2019, VOLUME 6 ISSUE 2Pages: 206-213
Species diversity, population structure and regeneration status of woody species on Yerer Mountain Forest, Central Highlands of Ethiopia
Nesibu Yahya*, Belay Gebre and Genene Tesfaye
*Ethiopian Environment and Forest Research Institute, Central Ethiopia Environment and Forest Research Center, Ecosystem management directorate, PO Box: 30708, Addis Ababa, Ethiopia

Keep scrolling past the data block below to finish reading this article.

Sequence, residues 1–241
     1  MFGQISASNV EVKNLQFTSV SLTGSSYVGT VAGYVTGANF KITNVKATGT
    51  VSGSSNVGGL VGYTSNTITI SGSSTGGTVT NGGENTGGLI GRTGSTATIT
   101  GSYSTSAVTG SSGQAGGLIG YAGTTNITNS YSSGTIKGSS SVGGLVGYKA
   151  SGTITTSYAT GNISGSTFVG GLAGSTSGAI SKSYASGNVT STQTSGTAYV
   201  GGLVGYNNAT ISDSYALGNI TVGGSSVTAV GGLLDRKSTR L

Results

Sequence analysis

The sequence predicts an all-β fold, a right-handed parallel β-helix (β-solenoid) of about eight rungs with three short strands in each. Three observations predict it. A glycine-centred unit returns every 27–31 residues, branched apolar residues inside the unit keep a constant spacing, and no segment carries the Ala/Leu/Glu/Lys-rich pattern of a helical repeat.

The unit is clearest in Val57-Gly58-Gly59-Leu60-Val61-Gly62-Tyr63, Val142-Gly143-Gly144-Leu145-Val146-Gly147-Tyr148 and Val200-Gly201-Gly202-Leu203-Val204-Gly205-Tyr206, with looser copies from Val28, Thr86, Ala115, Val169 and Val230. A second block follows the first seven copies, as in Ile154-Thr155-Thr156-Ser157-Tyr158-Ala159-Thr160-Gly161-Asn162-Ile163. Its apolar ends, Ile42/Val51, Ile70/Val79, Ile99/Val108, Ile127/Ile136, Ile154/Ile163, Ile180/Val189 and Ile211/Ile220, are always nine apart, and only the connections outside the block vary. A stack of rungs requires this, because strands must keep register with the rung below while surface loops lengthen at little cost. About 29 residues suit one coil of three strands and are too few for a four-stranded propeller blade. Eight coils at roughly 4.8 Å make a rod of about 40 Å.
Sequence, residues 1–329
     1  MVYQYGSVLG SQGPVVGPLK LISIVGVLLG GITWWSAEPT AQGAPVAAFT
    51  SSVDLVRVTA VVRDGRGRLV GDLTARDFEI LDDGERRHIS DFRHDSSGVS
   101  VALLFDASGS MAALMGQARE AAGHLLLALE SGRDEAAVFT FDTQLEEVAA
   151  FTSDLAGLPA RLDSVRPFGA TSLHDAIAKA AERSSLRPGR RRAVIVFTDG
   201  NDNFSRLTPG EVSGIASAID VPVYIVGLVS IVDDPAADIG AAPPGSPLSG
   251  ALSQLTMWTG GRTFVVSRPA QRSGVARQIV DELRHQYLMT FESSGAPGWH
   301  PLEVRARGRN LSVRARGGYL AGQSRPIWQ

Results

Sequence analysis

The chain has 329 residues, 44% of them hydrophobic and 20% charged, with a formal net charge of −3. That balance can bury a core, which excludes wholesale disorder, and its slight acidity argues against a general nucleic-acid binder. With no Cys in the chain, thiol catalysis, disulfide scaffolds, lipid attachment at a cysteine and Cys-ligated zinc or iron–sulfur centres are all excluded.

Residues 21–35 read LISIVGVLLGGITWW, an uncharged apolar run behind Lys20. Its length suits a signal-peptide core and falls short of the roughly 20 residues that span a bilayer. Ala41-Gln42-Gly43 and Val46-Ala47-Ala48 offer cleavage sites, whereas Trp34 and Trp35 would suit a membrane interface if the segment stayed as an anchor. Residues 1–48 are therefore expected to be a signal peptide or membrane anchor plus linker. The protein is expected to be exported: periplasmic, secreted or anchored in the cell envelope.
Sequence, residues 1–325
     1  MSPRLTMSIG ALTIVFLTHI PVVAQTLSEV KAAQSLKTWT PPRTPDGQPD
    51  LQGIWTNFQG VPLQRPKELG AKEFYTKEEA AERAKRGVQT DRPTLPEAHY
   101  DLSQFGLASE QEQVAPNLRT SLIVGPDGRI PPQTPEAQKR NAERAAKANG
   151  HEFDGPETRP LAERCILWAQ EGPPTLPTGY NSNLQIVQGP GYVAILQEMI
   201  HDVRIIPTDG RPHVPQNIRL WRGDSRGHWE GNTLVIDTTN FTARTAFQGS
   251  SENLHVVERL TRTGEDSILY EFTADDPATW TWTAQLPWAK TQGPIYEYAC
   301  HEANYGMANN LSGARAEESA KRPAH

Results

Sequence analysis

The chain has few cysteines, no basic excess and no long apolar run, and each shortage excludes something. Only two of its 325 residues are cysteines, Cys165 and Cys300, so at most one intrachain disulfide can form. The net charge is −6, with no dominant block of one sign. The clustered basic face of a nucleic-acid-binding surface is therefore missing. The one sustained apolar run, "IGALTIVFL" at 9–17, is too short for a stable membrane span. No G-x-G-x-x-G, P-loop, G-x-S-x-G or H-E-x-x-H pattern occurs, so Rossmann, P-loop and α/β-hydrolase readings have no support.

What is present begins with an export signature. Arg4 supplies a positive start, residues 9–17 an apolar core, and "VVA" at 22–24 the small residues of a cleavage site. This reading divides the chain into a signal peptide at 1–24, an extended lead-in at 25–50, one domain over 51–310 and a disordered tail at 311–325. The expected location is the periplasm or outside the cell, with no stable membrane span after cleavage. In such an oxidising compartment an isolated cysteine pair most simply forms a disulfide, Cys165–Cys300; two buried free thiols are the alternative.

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Yerer Mountain forest is one of the few remaining dry Afromontane forests found in the central highlands of Ethiopia. Information on woody species composition, diversity and regeneration status in the aforementioned forest are lacking. The study, therefore, aims to study the diversity, population structure and regeneration status of woody species in the Forest of Yerer Mountain. Data were collected using 36 main plots of size 20 m × 20 m for tree/shrub. Two 5 m × 5 m (opposite corner) and five 2 m × 2 m (four at the corner and one at the center) subplots were established in the main plot sapling and seedling, respectively. DBH, height of trees and environmental data (altitude, latitude, longitude, aspect and slope) were recorded. Thirty-one indigenous woody species that belong to 23 families were observed. The Shannon-Wiener diversity indices of woody species in the study sites were 2.0, 2.14 and 2.38 in the higher, middle and lower altitude, respectively. The density of seedling, sapling, shrubs and trees were 6383, 1022,481 and 115 ha-1, respectively. Seven woody species (Juniperus procera, Pittosporum abyssinicum, Buddleja polystachya, Rhus retinorrhoea, Croton macrostachyus, Prunus africana and Acacia bussei)dominated the forest while Juniperus procera is the most dominated one (95 %). The structural analyses of the whole community of the study area shows a reverse “J” shape pattern, which indicate healthy regeneration status of woody species. However, the population structure of the aforementioned dominant species exhibited unhealthy structure. The study concluded that the forest is diverse, however, dominated by small-sized tree/shrub species that is under early stage of succession after disturbance. Therefore, intervention of forest management practices to enhance its diversity and natural regeneration is needed.